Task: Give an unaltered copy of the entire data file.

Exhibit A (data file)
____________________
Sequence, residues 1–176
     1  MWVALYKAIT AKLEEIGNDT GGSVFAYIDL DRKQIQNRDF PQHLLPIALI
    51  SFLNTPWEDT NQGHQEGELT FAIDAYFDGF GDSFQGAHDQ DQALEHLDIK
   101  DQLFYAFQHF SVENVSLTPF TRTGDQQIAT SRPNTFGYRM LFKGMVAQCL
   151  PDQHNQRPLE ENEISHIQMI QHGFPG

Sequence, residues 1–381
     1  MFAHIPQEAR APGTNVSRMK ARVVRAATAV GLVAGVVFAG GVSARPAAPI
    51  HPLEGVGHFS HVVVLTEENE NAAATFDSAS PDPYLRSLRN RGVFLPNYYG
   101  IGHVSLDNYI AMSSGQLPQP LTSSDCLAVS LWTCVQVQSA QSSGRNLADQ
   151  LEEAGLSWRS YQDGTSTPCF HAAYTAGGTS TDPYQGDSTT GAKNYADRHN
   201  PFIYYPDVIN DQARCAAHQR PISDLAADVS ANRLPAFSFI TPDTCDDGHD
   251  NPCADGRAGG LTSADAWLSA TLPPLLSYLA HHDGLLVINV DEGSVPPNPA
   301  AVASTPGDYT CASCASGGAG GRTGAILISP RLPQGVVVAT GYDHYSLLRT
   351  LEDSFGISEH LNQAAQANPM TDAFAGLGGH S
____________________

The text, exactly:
Sequence, residues 1–176
     1  MWVALYKAIT AKLEEIGNDT GGSVFAYIDL DRKQIQNRDF PQHLLPIALI
    51  SFLNTPWEDT NQGHQEGELT FAIDAYFDGF GDSFQGAHDQ DQALEHLDIK
   101  DQLFYAFQHF SVENVSLTPF TRTGDQQIAT SRPNTFGYRM LFKGMVAQCL
   151  PDQHNQRPLE ENEISHIQMI QHGFPG

Sequence, residues 1–381
     1  MFAHIPQEAR APGTNVSRMK ARVVRAATAV GLVAGVVFAG GVSARPAAPI
    51  HPLEGVGHFS HVVVLTEENE NAAATFDSAS PDPYLRSLRN RGVFLPNYYG
   101  IGHVSLDNYI AMSSGQLPQP LTSSDCLAVS LWTCVQVQSA QSSGRNLADQ
   151  LEEAGLSWRS YQDGTSTPCF HAAYTAGGTS TDPYQGDSTT GAKNYADRHN
   201  PFIYYPDVIN DQARCAAHQR PISDLAADVS ANRLPAFSFI TPDTCDDGHD
   251  NPCADGRAGG LTSADAWLSA TLPPLLSYLA HHDGLLVINV DEGSVPPNPA
   301  AVASTPGDYT CASCASGGAG GRTGAILISP RLPQGVVVAT GYDHYSLLRT
   351  LEDSFGISEH LNQAAQANPM TDAFAGLGGH S